Audubon Collection

Audubon's Birds of America are on permanent exhibit at the Thurgood Marshall State Law Library. The Library's Special Collections Room is open to the public by appointment. To schedule an appointment, call us at 410-260-1430 or email [email protected].

The Conservation Challenge | Audubon and His Prints | Informational Brochure | View the Prints

The Conservation Challenge

In 1833, the State Library’s first librarian, David Ridgely, entered into an original subscription on behalf of the State of Maryland for The Birds of America and the accompanying five-volume Ornithological Biography. The total cost for the collection was approximately $1,000. The Audubon collection along with related original correspondence, sales receipts, and other ephemera is one of the highlights of our Special Collections Room.

The Library’s collection includes 430 of the 435 illustrations. The library owns all except Marsh Wren (100), Roseate Tern (240), Tengmalm’s Owl aka Richardson’s Owl (380), Bank Swallow aka Two Swallow (385) and White Heron aka American Egret (386).

A 2000 Christie’s auction sold a complete set of the prints for $8.8 million. This number was a wakeup call for the Maryland State Law Library, whose set of prints had become worn, stained, and in a general state of disrepair. Conservation experts pronounced the Library’s collection to be in soso to reasonable condition and in need of a conservator’s care.

Restoration efforts took place between 2005 -2006 when the library contracted with the Conservation Centre for Art and Historic Artifacts (CCAHA) in Philadelphia. The plates were removed from their bindings and adhesive and linen backings that had been added in a 1921 rebinding, then bathed, cleaned, flattened and repaired before matting. The colors, once dingy and hazed with time and exposure, are now bright and sharp. Audubon’s masterpiece is once more a sight to behold.

A specially-designed, climate-controlled and secure display case was installed in the library to display the Audubon prints to the public. Guidelines for the public display of the prints were developed, so that each print will be exhibited for not longer than three weeks at a time to further protect against environmental dangers. The case can display two vertical or one horizontal print at a time.

Audubon and His Prints 

John James Audubon (1785- 1851), naturalist, ornithologist and artist, was born in the French colony of Saint Domingue (now Haiti), and was raised in Nantes, France.

In 1803 at the age of 18, Audubon was sent to America to oversee his father’s farm, Mill Grove, in Montgomery County, Pennsylvania. In 1808, Audubon married Lucy Bakewell. They had two sons, Victor Gifford and John Woodhouse.

Audubon tried a variety of occupations, including frontier merchant, itinerant portrait painter, and taxidermist. As early as 1810 he had the idea of publishing his drawings and observations of birds. Starting about 1820 he began concentrating on making a career out of his hobby and passion. To accomplish his goal to paint every bird in America and publish the results, he wandered the country for two decades, exploring up and down major rivers, over mountains and plains, from coast to coast, collecting and painting birds.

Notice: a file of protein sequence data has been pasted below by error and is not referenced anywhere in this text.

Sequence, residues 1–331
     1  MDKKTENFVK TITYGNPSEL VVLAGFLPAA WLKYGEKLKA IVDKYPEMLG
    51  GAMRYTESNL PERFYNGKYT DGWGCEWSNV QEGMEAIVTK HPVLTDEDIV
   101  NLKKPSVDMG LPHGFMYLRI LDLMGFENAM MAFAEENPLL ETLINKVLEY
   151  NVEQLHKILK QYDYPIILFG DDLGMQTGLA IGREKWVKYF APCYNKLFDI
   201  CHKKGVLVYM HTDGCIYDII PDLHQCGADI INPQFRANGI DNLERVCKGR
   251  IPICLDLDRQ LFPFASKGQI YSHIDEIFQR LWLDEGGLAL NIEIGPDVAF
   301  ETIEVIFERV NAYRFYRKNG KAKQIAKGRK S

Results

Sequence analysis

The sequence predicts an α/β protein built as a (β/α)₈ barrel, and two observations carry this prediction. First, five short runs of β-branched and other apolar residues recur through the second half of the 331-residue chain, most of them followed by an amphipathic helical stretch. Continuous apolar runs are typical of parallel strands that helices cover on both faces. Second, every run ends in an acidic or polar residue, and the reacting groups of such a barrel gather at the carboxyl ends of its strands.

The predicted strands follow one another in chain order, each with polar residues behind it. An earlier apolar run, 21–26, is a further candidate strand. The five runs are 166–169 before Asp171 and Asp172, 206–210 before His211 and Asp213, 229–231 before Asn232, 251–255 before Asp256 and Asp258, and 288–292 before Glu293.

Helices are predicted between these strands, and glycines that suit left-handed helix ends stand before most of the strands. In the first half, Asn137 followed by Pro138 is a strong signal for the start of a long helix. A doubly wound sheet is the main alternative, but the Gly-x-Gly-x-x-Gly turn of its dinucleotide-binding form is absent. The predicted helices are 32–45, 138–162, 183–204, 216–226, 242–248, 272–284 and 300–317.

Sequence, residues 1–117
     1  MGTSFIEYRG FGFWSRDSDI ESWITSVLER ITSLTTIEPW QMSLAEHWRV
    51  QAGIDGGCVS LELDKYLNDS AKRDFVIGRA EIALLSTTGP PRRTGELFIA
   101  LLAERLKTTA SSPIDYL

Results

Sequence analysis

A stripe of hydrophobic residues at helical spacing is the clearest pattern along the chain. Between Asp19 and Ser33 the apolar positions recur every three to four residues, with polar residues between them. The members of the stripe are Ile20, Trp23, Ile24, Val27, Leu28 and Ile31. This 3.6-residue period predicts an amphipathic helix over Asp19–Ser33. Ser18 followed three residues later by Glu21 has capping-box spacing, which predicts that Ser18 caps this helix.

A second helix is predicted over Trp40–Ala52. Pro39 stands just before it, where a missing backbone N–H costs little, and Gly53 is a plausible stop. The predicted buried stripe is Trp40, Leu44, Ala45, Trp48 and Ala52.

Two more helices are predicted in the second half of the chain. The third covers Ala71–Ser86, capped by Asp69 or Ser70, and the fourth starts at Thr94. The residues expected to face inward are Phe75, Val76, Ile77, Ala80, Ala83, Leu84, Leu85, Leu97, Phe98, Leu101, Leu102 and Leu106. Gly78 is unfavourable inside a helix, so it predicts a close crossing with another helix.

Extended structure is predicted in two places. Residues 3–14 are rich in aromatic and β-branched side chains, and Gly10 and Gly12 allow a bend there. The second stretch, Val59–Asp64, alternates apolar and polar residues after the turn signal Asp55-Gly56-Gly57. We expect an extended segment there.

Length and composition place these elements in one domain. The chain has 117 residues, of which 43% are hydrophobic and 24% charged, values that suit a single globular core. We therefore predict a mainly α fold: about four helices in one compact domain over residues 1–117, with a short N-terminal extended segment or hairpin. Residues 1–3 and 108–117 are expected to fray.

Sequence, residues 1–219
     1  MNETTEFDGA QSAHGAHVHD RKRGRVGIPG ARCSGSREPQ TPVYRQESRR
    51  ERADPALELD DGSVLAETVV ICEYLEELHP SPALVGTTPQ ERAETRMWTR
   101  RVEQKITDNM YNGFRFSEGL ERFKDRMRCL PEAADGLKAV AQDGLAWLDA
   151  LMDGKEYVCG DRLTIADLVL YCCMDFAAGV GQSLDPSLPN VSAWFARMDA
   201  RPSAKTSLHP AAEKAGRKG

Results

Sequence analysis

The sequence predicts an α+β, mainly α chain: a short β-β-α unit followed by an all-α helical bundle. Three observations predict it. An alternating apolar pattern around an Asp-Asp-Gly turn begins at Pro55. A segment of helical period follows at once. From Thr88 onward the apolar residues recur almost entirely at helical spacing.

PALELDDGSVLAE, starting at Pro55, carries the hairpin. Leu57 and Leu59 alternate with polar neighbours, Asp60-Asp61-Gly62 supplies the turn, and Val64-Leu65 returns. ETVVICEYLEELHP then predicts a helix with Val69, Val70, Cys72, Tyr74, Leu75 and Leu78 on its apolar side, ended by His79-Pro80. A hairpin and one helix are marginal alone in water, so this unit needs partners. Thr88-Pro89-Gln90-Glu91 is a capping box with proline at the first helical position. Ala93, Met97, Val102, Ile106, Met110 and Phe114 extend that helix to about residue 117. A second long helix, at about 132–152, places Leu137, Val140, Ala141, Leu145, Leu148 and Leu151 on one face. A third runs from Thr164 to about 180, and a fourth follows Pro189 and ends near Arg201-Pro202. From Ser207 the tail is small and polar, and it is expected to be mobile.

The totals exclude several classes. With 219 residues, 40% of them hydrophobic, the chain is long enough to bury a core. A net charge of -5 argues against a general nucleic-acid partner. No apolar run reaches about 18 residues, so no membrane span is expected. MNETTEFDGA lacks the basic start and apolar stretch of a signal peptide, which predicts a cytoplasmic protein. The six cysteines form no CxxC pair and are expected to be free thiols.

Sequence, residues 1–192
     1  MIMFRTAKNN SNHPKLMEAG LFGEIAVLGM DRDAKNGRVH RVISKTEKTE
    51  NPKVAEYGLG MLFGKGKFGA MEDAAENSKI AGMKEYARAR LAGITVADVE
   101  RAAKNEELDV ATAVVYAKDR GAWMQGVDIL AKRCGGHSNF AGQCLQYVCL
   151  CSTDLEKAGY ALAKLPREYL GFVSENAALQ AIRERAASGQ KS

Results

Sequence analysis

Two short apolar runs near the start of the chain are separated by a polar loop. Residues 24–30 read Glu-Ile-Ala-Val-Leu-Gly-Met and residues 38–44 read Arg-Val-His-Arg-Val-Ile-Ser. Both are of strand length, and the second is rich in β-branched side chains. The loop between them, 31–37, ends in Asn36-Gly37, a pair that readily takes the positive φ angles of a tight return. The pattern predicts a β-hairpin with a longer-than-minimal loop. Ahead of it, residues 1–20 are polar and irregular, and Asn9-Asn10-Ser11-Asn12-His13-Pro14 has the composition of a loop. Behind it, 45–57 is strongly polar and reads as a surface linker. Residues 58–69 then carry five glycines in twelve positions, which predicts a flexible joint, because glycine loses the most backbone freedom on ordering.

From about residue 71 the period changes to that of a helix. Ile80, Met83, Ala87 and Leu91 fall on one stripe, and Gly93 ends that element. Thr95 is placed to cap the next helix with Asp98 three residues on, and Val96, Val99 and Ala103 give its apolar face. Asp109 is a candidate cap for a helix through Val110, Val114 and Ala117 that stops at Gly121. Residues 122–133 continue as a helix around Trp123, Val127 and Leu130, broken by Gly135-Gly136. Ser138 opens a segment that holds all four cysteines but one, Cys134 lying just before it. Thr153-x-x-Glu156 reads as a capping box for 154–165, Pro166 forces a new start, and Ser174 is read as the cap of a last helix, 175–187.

In 1824, Audubon took his portfolio of bird portraits in progress to Philadelphia to see about having them printed. There, he ran headlong into a wall of resistance. The Philadelphia Naturalist Society revered the memory of Alexander Wilson, whose American Ornithology was considered the definitive work at that time. Members of the Academy of Natural Sciences not only admired Wilson’s work, they also had a financial interest in the sale of his books, and were reluctant to embrace the newcomer. Audubon’s work was criticized as “emotional” and “incompatible with objective scientific analysis.”

Audubon left for England in 1826, where, in contrast, he was received enthusiastically as “The American Woodsman.” Audubon first engaged William H. Lizars of Edinburgh, then the London firm of Robert Havell and Son, to transform his watercolors into copperplate engravings. Once the illustrations were printed they were hand-colored to match the originals.

The Birds of America, containing 435 hand-colored plates, was issued in 87 parts, each containing 5 plates (later consisting of four bound volumes) between 1827 and 1838 on double-elephant folio sheets (26 x 39 inches). This size was chosen as Audubon insisted on portraying the birds life-size. This original set has also been called the double-elephant folio Havell Edition (1826-1838). Serial engravings of this work were sold through individual subscriptions. The plates were published unbound and without any text, to avoid the necessity of furnishing free copies to the public libraries in England under their copyright law. Text to accompany the plates was published in five volumes under the title Ornithological Biography with the assistance of William MacGillivray (1796-1852), a Scottish naturalist and ornithologist.

By 1831 Audubon’s reputation had grown to such a level that his supporters in Philadelphia were able to have him elected an honorary member of the Academy of Natural Sciences. Audubon settled on a small estate, Minnie’s Land, on the Hudson River in New York, where he died on January 27, 1851.

Today, Audubon is widely recognized as one of America’s greatest artists and naturalists. The Audubon Society, founded originally for the protection of birds and their habitats, carries forward his legacy of preservation and conservation.

View the Prints

Currently on Exhibit:

Previous Exhibits: